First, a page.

Ukranian guys have fun directing microwave beams out of the oven


#1

[Read the post]


#2

Let it explodes, boys. Let it explodes.


#3

Great, now I’m not going to be allowed to take my microwave on an airplane.


#4

From the shelling and bomber background noise, I’d say playing with an open mw oven is not the most dangerous thing right now.


#5

In Russia waves guide you!

…but hey, two points for at least thinking of a wave guide…


#6

I’m bemused that this is the counter-evidence against the fine fiolks that don’t use microwave ovens for fear of the cancer.


#7

Coffee can??!? Everyone knows that a Pringles can is the correct diameter to make a 2.45 GHz circular waveguide!


#8

Are these the same guys that did the Coke and butane trick a few posts back?


#9

Wow… you totally missed the golden opportunity to get “death ray” in the headline. You’re slipping, BoingBoing.


#10

I was always partial to certain shapes of coffee cans since they had similar ratios but real metal walls.


#11

Now I’m getting excited for Fallout 4.


#12

For your health!

(holy crap. wildly unsafe microwave play with bombs going off in the back)


#13

No, that’s just inaccurate. This would be a Death Wave, not ray.


#14

Let’s explore the Death Wave/Death Ray duality.


#15

If we add five points to it can we call it a Death Star?


#16

Yes, but they were introduced as Russians.

eta: found it


#17

Well, to be fair, it’s not really safe to live in any of the former Soviet republics, at least not from a western frame of mind.

These guys can point to Chernobyl and say “yeah, whatever.”


#18

Extremely unsafe, regarding vision. Microwaves are absorbed very efficiently by your retinas, and they don’t produce a blink reflex because they aren’t visible light.

It is extremely easy to blind yourself or other people with microwave emitters. Please don’t play with them.

(Although I’m genuinely surprised that there hasn’t been at terrorist use of magnetrons as a mass maiming/blinding device. Inverse square laws work in our favor that way, I suppose.)


#19

Inverse square law. This is a piddly kilowatt. Just do not look up close into the waveguides.

Chernobyl wasn’t that bad.

I once calculated the dangerous distance from a 800-watt 2.4GHz isotropic emitter. It’s somewhere on hackaday.com comments. #3 here.

Cut/paste for your pleasure here:


Legal schmegal – even if it may be illegal it is illegal only when you get caught. Let’s look at the numbers.

Let’s assume the magnetron radiates 800 watts in an omnidirectional way as a point source. (I know, I know, “let’s assume a spherical horse”.) Let’s assume the harmless power density for nonpermanent exposure is 5 mW/cm2 (allowed mw oven leakage is 5 mW/cm2 at 5 cm from the surface).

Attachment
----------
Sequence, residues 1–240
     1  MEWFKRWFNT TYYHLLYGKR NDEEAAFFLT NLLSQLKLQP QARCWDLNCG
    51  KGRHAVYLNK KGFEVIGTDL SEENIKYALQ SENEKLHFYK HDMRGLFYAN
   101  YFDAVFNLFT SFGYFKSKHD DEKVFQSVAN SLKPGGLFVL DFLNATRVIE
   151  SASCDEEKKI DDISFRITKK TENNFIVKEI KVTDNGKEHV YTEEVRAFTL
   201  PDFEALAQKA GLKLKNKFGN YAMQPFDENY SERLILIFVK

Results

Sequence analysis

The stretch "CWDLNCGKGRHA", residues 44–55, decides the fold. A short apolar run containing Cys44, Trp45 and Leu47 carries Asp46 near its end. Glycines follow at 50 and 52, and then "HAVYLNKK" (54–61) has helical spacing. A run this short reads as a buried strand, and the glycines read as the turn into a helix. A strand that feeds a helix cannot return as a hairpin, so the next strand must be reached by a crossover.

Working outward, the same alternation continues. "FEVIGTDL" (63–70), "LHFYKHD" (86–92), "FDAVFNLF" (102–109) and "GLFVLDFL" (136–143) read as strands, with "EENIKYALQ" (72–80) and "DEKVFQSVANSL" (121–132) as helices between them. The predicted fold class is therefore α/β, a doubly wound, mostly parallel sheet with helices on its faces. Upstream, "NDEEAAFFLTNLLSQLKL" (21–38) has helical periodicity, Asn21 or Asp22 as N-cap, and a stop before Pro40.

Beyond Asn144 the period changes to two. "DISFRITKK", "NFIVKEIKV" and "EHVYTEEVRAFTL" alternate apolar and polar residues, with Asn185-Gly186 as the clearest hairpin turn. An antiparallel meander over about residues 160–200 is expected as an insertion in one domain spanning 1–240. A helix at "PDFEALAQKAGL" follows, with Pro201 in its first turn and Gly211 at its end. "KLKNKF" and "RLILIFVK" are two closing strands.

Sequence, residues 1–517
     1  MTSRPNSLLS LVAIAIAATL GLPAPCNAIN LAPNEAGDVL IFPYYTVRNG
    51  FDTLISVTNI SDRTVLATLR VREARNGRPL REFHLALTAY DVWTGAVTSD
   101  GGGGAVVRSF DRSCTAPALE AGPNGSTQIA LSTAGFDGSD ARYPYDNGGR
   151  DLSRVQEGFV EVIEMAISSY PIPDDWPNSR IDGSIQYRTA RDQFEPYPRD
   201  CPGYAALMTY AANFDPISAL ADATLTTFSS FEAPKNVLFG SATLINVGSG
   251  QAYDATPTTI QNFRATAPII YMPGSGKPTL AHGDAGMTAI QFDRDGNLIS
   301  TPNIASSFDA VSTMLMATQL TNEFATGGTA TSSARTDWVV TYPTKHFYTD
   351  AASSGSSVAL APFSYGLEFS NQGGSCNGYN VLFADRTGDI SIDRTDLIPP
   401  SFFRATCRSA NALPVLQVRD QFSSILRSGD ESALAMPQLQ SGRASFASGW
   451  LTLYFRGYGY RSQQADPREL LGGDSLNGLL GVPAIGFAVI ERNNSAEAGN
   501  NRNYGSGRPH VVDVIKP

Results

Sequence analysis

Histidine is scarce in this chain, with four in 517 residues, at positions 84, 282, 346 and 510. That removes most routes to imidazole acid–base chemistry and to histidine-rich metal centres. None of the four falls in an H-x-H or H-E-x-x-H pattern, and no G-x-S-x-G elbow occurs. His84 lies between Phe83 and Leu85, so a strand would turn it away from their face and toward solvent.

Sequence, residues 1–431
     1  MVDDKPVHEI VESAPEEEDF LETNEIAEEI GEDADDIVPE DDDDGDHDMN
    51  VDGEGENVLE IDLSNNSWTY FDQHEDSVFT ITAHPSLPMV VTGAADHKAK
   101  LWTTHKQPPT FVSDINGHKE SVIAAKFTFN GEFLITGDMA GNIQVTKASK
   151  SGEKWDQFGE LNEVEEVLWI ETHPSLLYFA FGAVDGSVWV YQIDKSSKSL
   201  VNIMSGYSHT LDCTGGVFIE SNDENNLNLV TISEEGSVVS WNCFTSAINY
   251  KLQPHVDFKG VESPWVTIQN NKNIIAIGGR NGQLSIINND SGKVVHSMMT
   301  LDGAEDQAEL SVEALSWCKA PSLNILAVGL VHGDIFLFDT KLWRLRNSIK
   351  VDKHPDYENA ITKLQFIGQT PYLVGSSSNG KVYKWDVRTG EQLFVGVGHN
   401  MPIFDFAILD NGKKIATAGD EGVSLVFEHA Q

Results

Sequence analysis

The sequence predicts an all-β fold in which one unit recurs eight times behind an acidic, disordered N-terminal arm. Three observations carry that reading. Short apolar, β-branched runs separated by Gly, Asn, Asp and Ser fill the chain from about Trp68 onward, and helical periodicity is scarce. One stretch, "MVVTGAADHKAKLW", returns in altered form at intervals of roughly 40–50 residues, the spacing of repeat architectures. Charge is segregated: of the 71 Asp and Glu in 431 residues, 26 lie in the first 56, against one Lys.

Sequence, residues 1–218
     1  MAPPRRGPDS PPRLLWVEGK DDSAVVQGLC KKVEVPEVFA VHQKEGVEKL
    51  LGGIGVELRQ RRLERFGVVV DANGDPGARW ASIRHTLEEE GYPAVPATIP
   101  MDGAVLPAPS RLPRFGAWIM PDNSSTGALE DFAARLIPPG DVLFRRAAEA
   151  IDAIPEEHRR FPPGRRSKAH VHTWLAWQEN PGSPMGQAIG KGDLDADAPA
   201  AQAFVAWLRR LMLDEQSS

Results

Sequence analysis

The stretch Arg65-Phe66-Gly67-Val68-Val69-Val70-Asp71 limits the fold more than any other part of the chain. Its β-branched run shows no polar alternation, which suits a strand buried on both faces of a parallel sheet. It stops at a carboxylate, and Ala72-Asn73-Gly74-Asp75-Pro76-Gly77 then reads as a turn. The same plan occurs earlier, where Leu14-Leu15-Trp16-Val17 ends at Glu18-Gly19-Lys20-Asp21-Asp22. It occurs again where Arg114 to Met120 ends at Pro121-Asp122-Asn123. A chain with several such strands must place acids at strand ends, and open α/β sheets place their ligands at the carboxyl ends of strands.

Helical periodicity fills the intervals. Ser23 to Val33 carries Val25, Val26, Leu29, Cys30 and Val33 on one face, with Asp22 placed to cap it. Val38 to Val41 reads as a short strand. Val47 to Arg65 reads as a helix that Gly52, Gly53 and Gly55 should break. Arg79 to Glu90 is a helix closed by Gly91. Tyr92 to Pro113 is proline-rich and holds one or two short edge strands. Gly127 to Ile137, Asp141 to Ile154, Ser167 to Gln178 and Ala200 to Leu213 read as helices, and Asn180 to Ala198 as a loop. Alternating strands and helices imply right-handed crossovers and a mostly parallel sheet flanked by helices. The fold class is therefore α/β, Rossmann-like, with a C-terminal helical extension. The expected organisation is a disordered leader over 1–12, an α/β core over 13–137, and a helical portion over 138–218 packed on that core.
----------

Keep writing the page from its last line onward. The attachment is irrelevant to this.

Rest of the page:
The actual safe power densities for short-term exposure can be pretty higher. Tissue damage occurs at 42 ‘C, penetration depth for 2.45 GHz where half the energy is absorbed is about 2 cm, we can approximate the heat capacity of tissue to be equal to water (4.2 J/gK); let’s assume 30 second exposition, 100% absorption in first centimeter of the tissue, no heat losses. Heating a cubic centimeter of water by 5 degrees requires 21 joules. To heat a 1 cm layer of water by 5 degrees over 30 seconds takes 700 mW/cm2. For 10 seconds it is 2.1 W/cm2, for 2 seconds it is 10 W/cm2.

(The actual absorption in the tissue depends on the tissue character. Fatty tissues will absorb less energy than water-rich ones (e.g. muscles). The heat capacity of tissue is lower than of water, but in reality there will be heat losses to the surrounding environment and to deeper tissue levels.)

The surface of the sphere is calculated as 4pir^2.

At 10 cm distance the power density is 630 mW/cm2.
At 25 cm it is 100 mW/cm2.
At 50 cm it is 25 mW/cm2.
At 75 cm it is 11 mW/cm2.
At 100 cm it is 6.3 mW/cm2.
At 115 cm we are at 4.8 mW/cm2, below the power leakage limits considered safe by cover-your-ass govt standardization body.
At 253 cm we are at 1 mW/cm2, a level considered safe.

This however assumes homogeneous field and no reflections. (In the oven cavity the radiation is reflected from its walls so the power is not lost so easily.) Also any sort of an antenna will focus the beam and lower the amount of losses in that direction (and increase it in others, according to the antenna’s pattern). Conductive objects can also transfer the energy along with little losses and reradiate it or couple it to other objects. So there are caveats for the actual experimental setup.

I’d say that the actual danger is in the very vicinity of the magnetron and, more than that, in the high voltage capacitor. (BEWARE of that one, it packs a nasty punch.)

Somebody please validate my calculations, as they are just an irritated back-of-the-envelope scribbling. However at the first glance it does not seem that, while not entirely safe, the danger of such experiments is somewhat below the sky-is-falling level of the local Wussy Brigade noisemakers.


#20

very true.

but one high risk doesn’t neutralize another, a second high risk factor still increases your risk level, the only difference is your baseline risk assessment level increases when you live with constant danger.

that being said…these guys seem smart enough to know what they are doing so it seems riskier then it actually is, microwave radiation disperses in nanoseconds so unless you directly fry some part of yourself then the risk is minimal.

yes, those people are the real nuts.